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Authors: James Patterson

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BOOK: The Horsewoman
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THE NEXT MORNING
Grandmother sat at the kitchen table eating her usual breakfast of nuts and berries and oatmeal. I was having coffee and toast.

“Your mother said you went to see her,” she said.

“She wants me to ride Coronado,” I said.

“So I heard,” she said.

She sipped tea. I sipped my coffee, happy that I’d only taken a few bedtime hits of tequila, sleep having come to me more easily than I’d expected on one of the longest days of my life.

“If you don’t want me to ride Coronado, go find another rider.”

“It wouldn’t be difficult.”

“So what’s stopping you?”

“Your mother is stopping me!”
She spoke even more loudly than usual now. “She wants the horse to stay in the family and she actually believes you can pull this off.”

“So does Daniel,” I said, taking a self-consciously defensive stance.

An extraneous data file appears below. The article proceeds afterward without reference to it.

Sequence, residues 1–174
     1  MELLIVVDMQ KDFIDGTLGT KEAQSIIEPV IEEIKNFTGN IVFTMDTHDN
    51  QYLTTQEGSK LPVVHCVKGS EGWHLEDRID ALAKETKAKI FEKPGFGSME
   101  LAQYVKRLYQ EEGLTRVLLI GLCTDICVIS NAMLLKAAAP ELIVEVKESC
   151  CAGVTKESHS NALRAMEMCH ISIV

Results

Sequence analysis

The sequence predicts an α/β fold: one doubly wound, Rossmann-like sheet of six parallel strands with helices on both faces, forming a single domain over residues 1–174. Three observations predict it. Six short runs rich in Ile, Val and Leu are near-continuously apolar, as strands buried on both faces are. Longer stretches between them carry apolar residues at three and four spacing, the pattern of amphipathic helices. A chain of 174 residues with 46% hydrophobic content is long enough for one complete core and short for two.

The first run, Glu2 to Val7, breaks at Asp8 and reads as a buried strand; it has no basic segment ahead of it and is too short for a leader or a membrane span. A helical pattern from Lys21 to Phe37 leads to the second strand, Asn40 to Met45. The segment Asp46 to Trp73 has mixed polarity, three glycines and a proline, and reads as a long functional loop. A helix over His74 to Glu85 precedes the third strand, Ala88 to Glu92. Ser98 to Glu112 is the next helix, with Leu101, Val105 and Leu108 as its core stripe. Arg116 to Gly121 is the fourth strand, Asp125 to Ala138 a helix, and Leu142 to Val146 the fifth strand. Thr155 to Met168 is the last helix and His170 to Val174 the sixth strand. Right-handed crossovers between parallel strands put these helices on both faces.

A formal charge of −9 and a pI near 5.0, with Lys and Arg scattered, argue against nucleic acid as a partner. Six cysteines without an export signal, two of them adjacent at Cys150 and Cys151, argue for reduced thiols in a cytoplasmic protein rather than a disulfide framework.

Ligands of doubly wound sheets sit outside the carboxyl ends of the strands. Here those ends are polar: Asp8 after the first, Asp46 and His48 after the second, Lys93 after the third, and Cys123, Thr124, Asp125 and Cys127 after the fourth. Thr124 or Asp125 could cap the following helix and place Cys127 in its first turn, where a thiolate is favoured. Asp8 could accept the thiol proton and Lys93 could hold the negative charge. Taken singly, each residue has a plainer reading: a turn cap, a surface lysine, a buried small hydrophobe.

“Stop taking a goddamn poll about whether you want to do this!” she said, as if trying to out-shout me. “However you got here, you’re being given a chance to ride a goddamn Olympic horse all the way to the Olympics in Paris goddamn France.”

She was leaning forward now. I’d done the same without realizing it. “You want to ride this horse or not?” she said.

“Yes,” I said.

She looked at her watch. She said she needed an hour to meet with Doc Howser over at WEF about another horse of ours he’d just vetted for sale.

“And when I get back,” Grandmother said, “I want you to get your skinny ass up on that horse and act as if you belong there.”

DANIEL HAD SET
up the course for ten jumps, not the sixteen I’d encounter if Coronado and I did make it to the International Arena for the Grand Prix, the Sunday after next.